Tucker Carlson: The riots are not about George Floyd or racial justice. They're about Trump and seizing power

NEWYou can now listen to Fox News articles!

For the past week, all of us have seen chaos engulf our beloved country. The violence and the destruction have been so overwhelming, so shocking, and awful and vivid on the screen, that it's been hard to think clearly about what's going on.

Most of us haven't been able to step back far enough to ask even the obvious questions. The most obvious, of course, is what is this really about? What do the mobs want?

MINNEAPOLIS CITY COUNCIL MEMBERS AIM TO 'DISMANTLE' POLICE DEPARTMENT, 'RETHINK' PUBLIC SAFETY

Well, thugs looting the Apple Store can't answer that question. They have no idea. They just want free iPads. But what about Apple itself and the rest of corporate America, which is enthusiastically supporting the rioters? What about members of Congress, the media figures, the celebrities, the tech titans, all of whom are cheering this on. What do they want out of it?

Well, they haven't said. That's the central mystery.

Now suddenly, it is obvious. It should have been obvious on the first day. This is about Donald Trump. Of course, it is. We just couldn't see it.

For normal people, Donald Trump is the president. You may like him, you may not like him, but either way, there will be another president at some point, and we will move on as we always have.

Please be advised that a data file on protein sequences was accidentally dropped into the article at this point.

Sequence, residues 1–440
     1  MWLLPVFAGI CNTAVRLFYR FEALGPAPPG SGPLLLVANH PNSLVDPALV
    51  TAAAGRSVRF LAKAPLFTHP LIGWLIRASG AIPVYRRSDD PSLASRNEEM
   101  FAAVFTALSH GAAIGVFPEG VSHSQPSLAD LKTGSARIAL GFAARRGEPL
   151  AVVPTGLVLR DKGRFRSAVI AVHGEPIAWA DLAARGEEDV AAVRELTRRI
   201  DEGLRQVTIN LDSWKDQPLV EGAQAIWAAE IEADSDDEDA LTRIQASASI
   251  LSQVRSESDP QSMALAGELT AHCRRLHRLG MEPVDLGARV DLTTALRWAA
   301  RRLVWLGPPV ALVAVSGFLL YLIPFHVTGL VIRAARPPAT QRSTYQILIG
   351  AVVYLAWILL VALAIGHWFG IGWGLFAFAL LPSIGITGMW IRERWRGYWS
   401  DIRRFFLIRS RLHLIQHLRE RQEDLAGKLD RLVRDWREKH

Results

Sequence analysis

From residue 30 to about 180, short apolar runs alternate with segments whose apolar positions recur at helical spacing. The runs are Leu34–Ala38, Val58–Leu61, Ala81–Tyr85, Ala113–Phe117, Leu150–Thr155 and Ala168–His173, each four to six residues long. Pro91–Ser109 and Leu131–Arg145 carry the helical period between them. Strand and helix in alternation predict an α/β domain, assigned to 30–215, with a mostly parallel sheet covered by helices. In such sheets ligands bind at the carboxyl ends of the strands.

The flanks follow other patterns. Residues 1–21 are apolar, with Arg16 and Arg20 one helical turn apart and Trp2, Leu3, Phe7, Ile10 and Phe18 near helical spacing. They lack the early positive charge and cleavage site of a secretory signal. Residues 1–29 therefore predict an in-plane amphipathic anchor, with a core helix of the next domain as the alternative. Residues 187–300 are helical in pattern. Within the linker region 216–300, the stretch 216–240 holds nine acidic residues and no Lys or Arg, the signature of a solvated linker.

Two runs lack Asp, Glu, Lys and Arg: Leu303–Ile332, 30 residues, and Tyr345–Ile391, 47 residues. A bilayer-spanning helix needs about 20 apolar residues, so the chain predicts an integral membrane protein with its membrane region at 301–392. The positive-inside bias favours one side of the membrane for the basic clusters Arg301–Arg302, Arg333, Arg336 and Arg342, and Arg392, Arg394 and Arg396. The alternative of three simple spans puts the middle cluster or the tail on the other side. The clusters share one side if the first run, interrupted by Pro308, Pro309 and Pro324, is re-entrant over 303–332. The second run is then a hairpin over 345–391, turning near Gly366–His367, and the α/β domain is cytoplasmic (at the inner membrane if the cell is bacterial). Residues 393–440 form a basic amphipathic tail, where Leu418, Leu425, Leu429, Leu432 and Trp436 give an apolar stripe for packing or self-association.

CLICK HERE TO GET THE OPINION NEWSLETTER

But for Donald Trump's enemies, there is nothing else. Everything is about Trump. Everything.

Donald Trump defines their friendships, their careers, their marriages. Donald Trump affects how they raise their children. Trump occupies the very center of their lives. As long as Donald Trump remains in the White House. They feel powerless and diminished and panicked. So they cannot be happy.

In everything they do, their overriding goal is to remove Donald Trump from office. And that's exactly what they're trying to do now. That's what these riots are about. The most privileged in our society are using the most desperate in our society to seize power from everyone else.

Got that? That's the nub of it. The most privileged are using the most desperate to seize power from the rest of us. They are not seeking racial justice. If they were seeking racial justice, they wouldn't be denouncing their fellow Americans for their race, which they are. It has nothing to do with it.

What they are seeking is total control of the country. And it goes without saying that none of this has anything to do with George Floyd. Shame on those who pretended that it did -- those who fell for the lie and those who knew better but played along because they are cowards. There are many of those. You know who they are, and someday we will look back on all of them with contempt.

Meanwhile, the many people promoting this chaos remain clear-eyed. They are not lying to themselves. They never do. They know exactly what's going on, and they know what they hope to achieve by it. With every night of rioting, they grow bolder. Now, they are openly defending violence on television.

Bakari Sellers, CNN political commentator: People worry about the protesters and the looters. And it is just people who are frustrated.

Don Lemon, CNN anchor: They are frustrated, and they are angry, and they are out there. And they're upset. You shouldn't be taking televisions, but I can't tell people how to react to this.

Sen. Chuck Schumer, D-N.Y.: I'm proud of the protests, and I think it is part of the tradition of New York. The violence is bad, reprehensible, and it should be condemned, but it is not the overwhelming picture in New York.